To Top

Why #SayHerName is Critical toward BLM

Somehow the outcries and pain of black women are mistaken for theatrics and drama. Their words are then filtered and unlikely to receive consideration. 

The historical patriarchy is partially to blame for the social status of black women. White men had rights first, then black men. Even when the movement for women’s rights sparked, black women were not considered during the planning.

Malcolm X’s words reign true decades later: the most unprotected, disrespected and neglected person in America is the black woman. 

Breonna Taylor, 26-year-old EMT, was murdered while she was asleep by three undercover cops who broke into the wrong apartment. A week later, the video of George Floyd’s murder, also by the hands of police, was released reigniting the Black Lives Matter movement. Although Floyd’s death is what predominantly drove the movement, Taylor’s had to be reminded of.

The only way justice was brought to Breonna and her grieving family was with the expulsion of one out of the three cops involved with her murder. By the blank incident report of her death, there was a clear pause in the effort to arrest those responsible.

From every angle, black women are hushed and belittled when they express their anger, but no one ever asks them what’s wrong. Rapper J Cole advised rapper Noname in his song that she should help black men “get up to speed” instead of denouncing their lack of action in the movement. 

The backlash Cole received not only resulted from his bad timing but reinforced the normalization of black women not being given proper attention. He fell short of recognizing that black women consistently use their knowledge to educate, uplift and bring awareness to grievances. Unfortunately, with the slightest hint of passion in their tone, they are ignored or silenced. 

Oluwatoyin Salau, 19 years old, was raped by two black men then murdered by one of them. When she tried to speak up, she was ignored. While fighting for her life and the lives of her brothers, she was violated. When our own men demonstrated their disregard for us, our point persists: no one cares about black women.

#SayHerName is for Breonna, Oluwatoyin and any other black woman whose life has been disregarded and voice quieted. They have their own list of deaths and kidnappings going unpublicized as frequently as they occur. We’ve had to create agency and support for ourselves. 

You cannot fight for black women while pardoning your friend’s sexual assault case. You cannot you love them while condoning negative messages toward them in the media. You cannot say “Protect Black Women” while failing to follow with action.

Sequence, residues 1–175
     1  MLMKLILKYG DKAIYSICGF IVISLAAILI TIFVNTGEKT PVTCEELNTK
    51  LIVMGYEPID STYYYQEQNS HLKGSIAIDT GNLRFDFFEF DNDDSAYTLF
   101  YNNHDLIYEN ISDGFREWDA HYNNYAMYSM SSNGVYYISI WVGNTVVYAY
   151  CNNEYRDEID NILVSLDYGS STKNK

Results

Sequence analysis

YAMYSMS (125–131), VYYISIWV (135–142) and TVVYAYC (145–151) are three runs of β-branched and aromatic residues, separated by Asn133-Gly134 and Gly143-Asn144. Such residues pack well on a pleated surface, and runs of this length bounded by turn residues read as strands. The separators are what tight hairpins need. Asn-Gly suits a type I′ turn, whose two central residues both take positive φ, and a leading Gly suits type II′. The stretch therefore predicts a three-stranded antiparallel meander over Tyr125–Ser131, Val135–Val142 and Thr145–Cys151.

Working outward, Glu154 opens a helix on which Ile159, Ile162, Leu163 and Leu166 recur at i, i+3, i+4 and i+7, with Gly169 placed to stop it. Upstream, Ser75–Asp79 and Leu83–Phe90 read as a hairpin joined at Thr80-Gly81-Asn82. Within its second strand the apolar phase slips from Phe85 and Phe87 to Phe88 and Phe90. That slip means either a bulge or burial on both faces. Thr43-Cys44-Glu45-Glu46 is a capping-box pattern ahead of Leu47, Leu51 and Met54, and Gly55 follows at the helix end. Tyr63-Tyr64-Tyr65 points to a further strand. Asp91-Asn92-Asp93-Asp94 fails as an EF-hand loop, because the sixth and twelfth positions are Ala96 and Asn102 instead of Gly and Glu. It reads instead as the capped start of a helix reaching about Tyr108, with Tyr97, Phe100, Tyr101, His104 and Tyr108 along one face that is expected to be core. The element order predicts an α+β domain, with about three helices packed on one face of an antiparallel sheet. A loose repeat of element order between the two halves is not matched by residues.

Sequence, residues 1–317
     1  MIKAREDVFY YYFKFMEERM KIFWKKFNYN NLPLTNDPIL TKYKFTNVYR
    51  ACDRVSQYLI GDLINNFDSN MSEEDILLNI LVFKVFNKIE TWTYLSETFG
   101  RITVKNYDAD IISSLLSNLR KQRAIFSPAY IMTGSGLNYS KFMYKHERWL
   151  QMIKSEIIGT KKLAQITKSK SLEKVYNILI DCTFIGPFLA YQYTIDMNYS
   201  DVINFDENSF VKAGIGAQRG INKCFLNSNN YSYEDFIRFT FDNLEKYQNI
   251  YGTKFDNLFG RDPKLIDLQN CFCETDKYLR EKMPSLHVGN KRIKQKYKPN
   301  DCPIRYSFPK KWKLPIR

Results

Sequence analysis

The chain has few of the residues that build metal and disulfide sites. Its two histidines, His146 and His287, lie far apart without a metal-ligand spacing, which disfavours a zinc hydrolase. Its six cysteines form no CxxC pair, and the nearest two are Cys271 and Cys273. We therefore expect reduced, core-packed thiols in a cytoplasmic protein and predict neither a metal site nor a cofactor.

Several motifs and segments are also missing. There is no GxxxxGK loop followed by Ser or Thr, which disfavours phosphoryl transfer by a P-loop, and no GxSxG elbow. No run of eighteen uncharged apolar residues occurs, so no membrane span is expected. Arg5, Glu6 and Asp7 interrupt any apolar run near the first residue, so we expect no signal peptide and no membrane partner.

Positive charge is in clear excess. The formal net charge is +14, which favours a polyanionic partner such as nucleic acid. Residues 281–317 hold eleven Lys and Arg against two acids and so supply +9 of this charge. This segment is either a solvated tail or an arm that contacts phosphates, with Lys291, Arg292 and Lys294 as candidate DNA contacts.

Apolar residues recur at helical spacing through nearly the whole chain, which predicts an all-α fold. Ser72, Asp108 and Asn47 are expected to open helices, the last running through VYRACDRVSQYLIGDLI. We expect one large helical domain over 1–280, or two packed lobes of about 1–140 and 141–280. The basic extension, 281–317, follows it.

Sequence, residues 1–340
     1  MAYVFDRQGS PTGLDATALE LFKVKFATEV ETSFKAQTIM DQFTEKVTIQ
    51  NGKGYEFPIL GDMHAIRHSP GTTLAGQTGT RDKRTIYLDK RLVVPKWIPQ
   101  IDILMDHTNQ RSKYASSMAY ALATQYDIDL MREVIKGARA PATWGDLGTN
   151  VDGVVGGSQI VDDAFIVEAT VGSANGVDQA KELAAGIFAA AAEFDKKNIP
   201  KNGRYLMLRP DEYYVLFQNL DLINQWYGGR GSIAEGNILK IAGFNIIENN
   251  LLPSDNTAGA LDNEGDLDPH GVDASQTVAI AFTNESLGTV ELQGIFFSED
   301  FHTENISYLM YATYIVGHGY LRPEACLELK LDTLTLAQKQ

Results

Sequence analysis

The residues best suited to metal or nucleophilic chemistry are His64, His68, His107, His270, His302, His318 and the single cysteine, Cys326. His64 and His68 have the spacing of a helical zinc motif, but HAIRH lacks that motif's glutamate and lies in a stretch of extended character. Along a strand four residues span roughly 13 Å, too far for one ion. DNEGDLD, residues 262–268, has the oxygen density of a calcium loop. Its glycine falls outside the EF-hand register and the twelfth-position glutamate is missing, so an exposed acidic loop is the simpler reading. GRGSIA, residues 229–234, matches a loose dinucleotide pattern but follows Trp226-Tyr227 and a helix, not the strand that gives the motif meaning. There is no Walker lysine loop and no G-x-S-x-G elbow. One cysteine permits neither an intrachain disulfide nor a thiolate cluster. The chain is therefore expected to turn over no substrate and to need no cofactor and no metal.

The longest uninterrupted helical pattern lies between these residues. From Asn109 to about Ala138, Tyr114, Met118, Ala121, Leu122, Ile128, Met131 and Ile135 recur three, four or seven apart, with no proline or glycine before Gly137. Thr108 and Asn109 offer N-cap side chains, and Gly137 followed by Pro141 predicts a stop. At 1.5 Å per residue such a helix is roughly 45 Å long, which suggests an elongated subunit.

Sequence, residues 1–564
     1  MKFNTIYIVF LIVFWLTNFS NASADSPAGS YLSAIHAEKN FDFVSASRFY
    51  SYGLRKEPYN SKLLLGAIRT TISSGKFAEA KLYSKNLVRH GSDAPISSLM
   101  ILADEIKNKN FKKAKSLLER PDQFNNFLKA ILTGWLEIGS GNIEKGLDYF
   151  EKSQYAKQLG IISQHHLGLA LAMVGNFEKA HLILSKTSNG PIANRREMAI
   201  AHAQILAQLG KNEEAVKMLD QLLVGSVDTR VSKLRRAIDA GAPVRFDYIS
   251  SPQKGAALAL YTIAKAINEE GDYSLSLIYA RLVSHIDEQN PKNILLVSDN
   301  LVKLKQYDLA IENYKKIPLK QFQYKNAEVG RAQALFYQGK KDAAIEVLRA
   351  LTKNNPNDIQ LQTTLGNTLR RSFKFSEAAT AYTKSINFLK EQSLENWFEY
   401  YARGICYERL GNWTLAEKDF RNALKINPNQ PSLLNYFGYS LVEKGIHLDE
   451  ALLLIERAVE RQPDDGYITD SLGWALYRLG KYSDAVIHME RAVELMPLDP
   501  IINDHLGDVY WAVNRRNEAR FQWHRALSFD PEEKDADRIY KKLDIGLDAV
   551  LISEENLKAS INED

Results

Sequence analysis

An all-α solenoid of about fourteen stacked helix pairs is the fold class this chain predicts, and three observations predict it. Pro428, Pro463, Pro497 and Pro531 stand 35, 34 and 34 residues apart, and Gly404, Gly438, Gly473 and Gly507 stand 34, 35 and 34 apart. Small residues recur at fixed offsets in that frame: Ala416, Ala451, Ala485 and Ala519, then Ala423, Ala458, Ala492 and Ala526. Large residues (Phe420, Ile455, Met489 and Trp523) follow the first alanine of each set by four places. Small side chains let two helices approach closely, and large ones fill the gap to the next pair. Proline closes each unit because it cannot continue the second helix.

We will continue fighting for the lives of our black men, but when will everyone else fight for the lives of black women?

Featured Image by Life Matters on Pexels 

Free to use, no attribution required

1 Comment

  1. Avatar


    July 18, 2020 at 6:08 am

    Well said!! Thank you for speaking out for our black women. I am my sister’s keeper.

Leave a Reply

Your email address will not be published. Required fields are marked *

More in Be Informed

  • The Meaning Behind #ChallengeAccepted

    Recently, a trend has surfaced on Instagram where women nominate one another privately to post a black and white picture of...

    Kalyn WomackAugust 11, 2020
  • Why Anti-feminism can be Fatal

    Recently, New Jersey Federal Judge Esther Salas and her family were attacked resulting in the loss of her son and injury...

    Kalyn WomackAugust 7, 2020
  • Elijah McClain: What to Know and What to Do

    Elijah McClain was a 23-year-old innocent black man killed by Colorado police. Recently, a peaceful protest and vigil in his honor...

    Kalyn WomackJuly 31, 2020
  • What does #FreeBritney Mean?

    Dedicated Britney Spears fans have been in fear of her safety during quarantine. They noticed her social media presence to be...

    Kalyn WomackJuly 23, 2020
  • How The Handmaid’s Tale Remains Relevant

    The Handmaid's Tale seems to reflect our world today. Is Atwood's novel entirely dystopian, or is she warning us?

    Lydia SchapiroJuly 23, 2020
  • 6 False Assumptions about Mental Illness

    There are various stigmas surrounding mental illness, and it is often difficult for affected individuals to feel appreciated. Learning about mental...

    Lydia SchapiroJuly 16, 2020
  • Black Girls: Forced to Grow Up too Soon

    The issue of hypersexualizaton is the fault of the black girl when she’s born. Her appearance and behavior is strictly monitored....

    Kalyn WomackJuly 15, 2020
  • Badass Black Women Owned Businesses to Support

    To further promote and endorse the black community, a great place to start is with black women. A few badass black...

    Kalyn WomackJuly 9, 2020
  • Almost Two Months Since Breonna Taylor’s Death

    26-year-old award-winning EMT Breonna Taylor was killed in her sleep by three undercover officers almost two months ago. Only one out...

    Kalyn WomackJuly 7, 2020
  • Unlearning White Feminism

    Black women have been historically excluded from every operation toward equality, including feminism. White feminism is the fight for women’s equality...

    Kalyn WomackJuly 3, 2020